Enjoying the benefits of ICT and the Information Age requires us to adopt new models of regulation that are fit for the task. For this to happen, we’ll need to stop demonizing every new invention for the sake of eyeballs, audience, and ad revenues.
The Obama FCC admitted that it could not find the sweet spot. In the 2015 Open Internet Order, former Chairman Wheeler simply claimed regulatory authority to sanction firms for behaviors he could not anticipate. Rather than creating bright line rules, Wheeler raised his voice and issued threats. Angry threats have subsequently become the preferred way to regulate not only the Internet but its regulators as well. This is not productive, but it’s the road chosen by many.
There is ample evidence that the FCC gave proper consideration to the useful and relevant legal, economic, and technical comments offered in the proceeding. The fact that John Oliver’s audience is angry isn’t relevant, and it’s not even news.
These tools enable one activist to look to the Internet like a whole crowd. It also enables activists to look like they vote in districts where they don’t live and to make phone calls to Congress that look like they come from constituents when they don’t. This is a corruption of our democracy.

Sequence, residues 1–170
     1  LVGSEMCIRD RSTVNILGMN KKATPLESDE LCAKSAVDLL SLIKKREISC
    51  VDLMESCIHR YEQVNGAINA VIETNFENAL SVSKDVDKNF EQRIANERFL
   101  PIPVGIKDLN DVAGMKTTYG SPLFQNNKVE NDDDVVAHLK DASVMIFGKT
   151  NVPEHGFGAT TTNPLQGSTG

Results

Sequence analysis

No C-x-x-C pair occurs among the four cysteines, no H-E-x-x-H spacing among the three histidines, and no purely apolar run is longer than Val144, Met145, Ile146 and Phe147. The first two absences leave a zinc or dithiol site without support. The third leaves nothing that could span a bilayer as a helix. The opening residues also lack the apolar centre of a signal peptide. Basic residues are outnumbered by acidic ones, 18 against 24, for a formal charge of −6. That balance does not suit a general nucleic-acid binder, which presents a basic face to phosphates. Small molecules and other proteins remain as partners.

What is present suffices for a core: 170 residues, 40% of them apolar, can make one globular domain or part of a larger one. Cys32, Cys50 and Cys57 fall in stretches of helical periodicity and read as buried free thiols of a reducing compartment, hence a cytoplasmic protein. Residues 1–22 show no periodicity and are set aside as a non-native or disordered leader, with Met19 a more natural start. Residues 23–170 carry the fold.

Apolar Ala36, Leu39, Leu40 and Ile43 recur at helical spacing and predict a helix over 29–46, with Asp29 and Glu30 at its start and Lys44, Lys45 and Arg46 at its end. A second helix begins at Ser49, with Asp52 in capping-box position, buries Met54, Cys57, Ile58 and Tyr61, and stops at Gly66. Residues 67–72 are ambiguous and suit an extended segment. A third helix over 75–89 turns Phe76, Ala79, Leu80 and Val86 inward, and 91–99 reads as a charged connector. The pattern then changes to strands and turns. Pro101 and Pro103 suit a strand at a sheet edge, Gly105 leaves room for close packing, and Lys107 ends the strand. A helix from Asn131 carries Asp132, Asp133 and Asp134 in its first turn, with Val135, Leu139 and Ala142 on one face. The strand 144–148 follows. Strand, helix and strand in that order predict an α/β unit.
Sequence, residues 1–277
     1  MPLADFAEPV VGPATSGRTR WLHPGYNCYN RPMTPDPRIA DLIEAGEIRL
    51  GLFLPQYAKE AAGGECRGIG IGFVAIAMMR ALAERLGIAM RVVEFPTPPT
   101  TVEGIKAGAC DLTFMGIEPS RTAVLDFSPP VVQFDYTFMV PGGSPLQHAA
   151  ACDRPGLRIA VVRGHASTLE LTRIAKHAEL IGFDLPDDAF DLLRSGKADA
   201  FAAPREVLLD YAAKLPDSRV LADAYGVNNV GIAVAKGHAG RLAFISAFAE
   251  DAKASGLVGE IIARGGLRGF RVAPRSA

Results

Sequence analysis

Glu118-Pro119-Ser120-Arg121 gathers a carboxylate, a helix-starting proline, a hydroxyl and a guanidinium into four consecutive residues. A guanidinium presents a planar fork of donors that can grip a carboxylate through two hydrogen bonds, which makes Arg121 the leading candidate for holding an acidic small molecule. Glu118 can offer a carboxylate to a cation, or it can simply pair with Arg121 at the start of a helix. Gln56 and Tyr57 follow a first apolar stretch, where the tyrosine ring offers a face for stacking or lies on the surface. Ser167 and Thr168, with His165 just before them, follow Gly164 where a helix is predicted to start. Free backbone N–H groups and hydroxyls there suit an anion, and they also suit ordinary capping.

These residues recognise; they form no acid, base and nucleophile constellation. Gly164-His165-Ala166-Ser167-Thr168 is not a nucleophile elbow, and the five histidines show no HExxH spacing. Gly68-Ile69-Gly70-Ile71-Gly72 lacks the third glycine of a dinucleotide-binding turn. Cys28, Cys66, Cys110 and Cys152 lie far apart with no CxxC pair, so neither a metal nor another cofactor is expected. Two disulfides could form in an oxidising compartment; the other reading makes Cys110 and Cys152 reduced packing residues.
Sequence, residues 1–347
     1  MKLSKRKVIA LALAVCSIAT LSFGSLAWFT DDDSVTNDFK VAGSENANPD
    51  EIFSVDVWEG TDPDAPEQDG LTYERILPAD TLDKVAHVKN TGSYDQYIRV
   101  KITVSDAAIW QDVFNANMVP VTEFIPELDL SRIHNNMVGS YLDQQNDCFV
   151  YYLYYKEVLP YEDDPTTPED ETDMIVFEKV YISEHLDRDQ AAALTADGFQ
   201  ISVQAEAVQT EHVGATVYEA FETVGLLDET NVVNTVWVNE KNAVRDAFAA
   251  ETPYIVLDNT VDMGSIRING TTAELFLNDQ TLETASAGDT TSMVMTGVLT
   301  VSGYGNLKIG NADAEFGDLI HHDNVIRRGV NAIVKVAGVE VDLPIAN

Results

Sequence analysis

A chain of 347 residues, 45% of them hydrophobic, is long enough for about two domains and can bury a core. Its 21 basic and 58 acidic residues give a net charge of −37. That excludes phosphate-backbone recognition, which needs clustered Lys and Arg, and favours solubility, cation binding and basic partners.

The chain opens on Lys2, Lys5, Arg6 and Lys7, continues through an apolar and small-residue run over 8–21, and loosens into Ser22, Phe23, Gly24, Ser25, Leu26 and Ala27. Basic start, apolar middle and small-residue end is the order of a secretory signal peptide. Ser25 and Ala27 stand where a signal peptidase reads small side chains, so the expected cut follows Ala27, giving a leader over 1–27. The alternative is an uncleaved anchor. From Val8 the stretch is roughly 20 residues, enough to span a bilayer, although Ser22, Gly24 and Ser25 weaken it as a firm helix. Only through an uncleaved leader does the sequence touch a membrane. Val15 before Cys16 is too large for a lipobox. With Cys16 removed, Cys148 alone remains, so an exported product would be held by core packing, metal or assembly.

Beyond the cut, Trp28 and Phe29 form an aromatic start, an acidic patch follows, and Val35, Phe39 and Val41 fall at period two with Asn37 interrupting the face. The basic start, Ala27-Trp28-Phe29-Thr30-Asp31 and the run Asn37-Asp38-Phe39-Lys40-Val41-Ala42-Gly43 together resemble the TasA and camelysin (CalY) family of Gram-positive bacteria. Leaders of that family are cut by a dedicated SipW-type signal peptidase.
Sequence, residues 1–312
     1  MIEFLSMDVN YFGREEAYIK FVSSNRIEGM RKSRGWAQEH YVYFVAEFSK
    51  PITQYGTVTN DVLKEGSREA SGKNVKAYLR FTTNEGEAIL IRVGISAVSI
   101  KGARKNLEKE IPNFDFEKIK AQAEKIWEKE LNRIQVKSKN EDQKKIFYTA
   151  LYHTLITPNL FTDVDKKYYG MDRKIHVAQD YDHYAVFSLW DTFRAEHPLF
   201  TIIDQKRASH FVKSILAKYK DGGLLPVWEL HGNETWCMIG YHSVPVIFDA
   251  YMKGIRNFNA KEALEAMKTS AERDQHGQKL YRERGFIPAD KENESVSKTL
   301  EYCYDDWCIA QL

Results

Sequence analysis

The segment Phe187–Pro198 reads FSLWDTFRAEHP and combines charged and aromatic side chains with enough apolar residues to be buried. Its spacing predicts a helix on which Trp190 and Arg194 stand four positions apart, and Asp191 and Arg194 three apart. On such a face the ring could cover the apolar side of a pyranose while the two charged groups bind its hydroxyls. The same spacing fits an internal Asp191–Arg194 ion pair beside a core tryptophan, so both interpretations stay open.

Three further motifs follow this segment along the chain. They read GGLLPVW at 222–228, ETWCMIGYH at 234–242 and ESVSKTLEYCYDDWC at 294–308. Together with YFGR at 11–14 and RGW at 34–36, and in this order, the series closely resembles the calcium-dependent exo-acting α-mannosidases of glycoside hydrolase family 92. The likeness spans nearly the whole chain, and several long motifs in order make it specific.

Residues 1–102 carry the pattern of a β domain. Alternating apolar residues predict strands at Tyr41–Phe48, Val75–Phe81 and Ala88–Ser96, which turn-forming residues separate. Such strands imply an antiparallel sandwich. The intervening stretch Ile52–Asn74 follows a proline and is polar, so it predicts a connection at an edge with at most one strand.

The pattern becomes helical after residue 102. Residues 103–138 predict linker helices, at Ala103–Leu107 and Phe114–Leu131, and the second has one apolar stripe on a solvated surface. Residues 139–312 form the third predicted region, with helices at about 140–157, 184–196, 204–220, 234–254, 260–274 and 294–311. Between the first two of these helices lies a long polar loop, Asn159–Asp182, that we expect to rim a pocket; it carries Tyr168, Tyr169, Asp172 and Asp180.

Changing ISPs from their historic status to Title II is a move the FCC can’t make without Congressional authorization. This is especially true given the 1996 Telecommunications Act clearly declares ISPs to be information services. There is no clue in the ’96 Act that substituting dial-up for broadband changes the nature of ISP service.
Their problem in the long tail of pirates, scammers, and amateurs who impose costs on the platform but don’t generate revenue. That’s a business model issue that should concern Alphabet. It’s not an excuse for making artists pay for YouTube’s content-related costs out of their own pockets to support piracy.
We should never stop making the Internet better. It takes an almost religious zeal to insist that there’s anything wrong with the subtle improvement represented by this video.
And it takes a very unrealistic theory of economics to maintain that there is any rationale for placing arbitrary limits on where the payment for such enhancements comes from. It’s our Internet and we should be able to use it in any lawful way we want.